Co-published by Newsweek
With momentum on infrastructure rebuilding stalled, the Trump administration this week is moving ahead to repeal a two-year initiative dating from the Obama administration that might be the only dynamic infrastructure and jobs program in existence at the federal level.
JMA recently developed the U.S. Employment Plan (USEP), which encourages public transit agencies such as LA Metro to request firms seeking contracts to build passenger buses and trains with federal and local tax dollars to hire American workers.
Earlier this month our team from Jobs to Move America (JMA) attended the American Public Transportation Association (APTA) Annual Meeting in San Francisco. We were there to learn the latest in transit trends, from sustainability planning to high-speed rail. We were also an outspoken advocate on behalf of American labor and taxpayers amongst 1,500 attendees. Unfortunately, even with the presence of the Department of Transportation (DOT) and the Federal Transit Administration (FTA), domestic labor was largely left out of the conversation, since most participants were public transit officials, manufacturing company representatives, and private sector consultants focused on stretching the dollar.
Despite this bottom-line focused crowd, we were encouraged by the plenary session’s appearance of DOT Secretary Anthony Foxx. He argued that with the right configuration, transportation can connect workers to sustainable jobs and living wages, and transportation as an industry can also generate employment opportunities for disadvantaged Americans seeking second chances.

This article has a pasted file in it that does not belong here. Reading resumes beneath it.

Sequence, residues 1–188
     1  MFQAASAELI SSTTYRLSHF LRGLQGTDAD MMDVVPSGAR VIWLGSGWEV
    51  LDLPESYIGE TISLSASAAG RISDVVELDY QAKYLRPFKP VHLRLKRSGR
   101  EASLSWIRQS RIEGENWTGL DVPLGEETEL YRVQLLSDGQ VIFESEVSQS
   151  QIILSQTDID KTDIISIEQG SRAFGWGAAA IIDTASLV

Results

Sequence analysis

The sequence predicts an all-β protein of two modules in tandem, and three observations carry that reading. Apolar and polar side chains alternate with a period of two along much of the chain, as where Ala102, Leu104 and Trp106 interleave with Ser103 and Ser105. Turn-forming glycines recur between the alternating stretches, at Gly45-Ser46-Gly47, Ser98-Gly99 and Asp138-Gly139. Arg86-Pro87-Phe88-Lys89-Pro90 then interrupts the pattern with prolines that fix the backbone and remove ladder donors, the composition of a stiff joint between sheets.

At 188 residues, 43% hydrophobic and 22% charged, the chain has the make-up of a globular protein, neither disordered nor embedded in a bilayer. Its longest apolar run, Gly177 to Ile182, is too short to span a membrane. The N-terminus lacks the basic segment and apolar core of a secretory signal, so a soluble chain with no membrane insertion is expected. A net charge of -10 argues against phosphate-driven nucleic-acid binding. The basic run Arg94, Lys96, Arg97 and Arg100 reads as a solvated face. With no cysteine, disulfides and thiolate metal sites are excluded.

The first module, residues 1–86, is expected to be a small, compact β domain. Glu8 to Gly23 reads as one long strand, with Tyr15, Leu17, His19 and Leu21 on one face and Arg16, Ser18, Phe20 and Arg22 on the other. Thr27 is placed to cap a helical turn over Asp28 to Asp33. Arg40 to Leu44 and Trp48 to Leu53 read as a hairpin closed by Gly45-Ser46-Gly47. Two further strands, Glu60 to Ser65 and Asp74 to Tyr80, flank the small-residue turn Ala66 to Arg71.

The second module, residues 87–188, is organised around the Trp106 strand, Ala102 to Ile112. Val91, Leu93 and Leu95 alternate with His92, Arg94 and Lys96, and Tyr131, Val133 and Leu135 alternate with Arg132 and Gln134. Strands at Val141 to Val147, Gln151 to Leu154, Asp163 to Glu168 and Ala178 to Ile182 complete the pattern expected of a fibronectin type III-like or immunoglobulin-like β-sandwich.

Some 70 years ago, the song “Rosie the Riveter” crackled over the wireless while a Norman Rockwell illustration of Rosie flexing her bicep popped from the cover of The Saturday Evening Post. By depicting the rivet gun-toting icon on her lunch break, Rockwell hopped aboard the government-fueled propaganda bandwagon that had only one aim: to recruit and train a female workforce capable of churning out munitions, aircraft, tanks and destroyers for a costly, brutal war that spanned two oceans and three continents. Rosie the Riveter did the job, and an estimated 18 million women left the house for the factory (or shipyard) — giving many the freedom to work outside the home for the very first time.
In a dramatic turnaround to what only last month was described as a hopeless impasse, Los Angeles Mayor and L.A. County Metropolitan Transportation Authority (Metro) Chair Eric Garcetti announced Tuesday that an agreement has been reached between Kinkisharyo International, LLC and labor and community groups to expand its L.A. County manufacturing operations for its next delivery of Metro light rail cars.
The mayor’s office said the agreement will net the county a total of 250 new jobs as Kinkisharyo expands the light rail car assembly and testing operations at its existing plant in Palmdale. The accord also includes a “neutrality agreement” (stating Kinkisharyo won’t contest attempts to unionize its workforce), as well as a commitment to explore additional skills training and assistance for disadvantaged L.A. County workers.
The agreement covers a total of 175 cars slated for assembly at the facility, including the 78 that Kinkisharyo is currently assembling under a 2012 Metro contract,